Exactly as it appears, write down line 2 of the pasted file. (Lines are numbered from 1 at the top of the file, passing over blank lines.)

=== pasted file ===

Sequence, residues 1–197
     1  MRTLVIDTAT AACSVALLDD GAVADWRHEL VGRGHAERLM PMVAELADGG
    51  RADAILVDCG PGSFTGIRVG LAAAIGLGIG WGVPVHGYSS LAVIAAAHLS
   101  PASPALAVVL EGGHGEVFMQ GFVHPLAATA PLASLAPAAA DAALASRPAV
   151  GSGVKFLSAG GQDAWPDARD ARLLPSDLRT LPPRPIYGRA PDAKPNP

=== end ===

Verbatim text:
     1  MRTLVIDTAT AACSVALLDD GAVADWRHEL VGRGHAERLM PMVAELADGG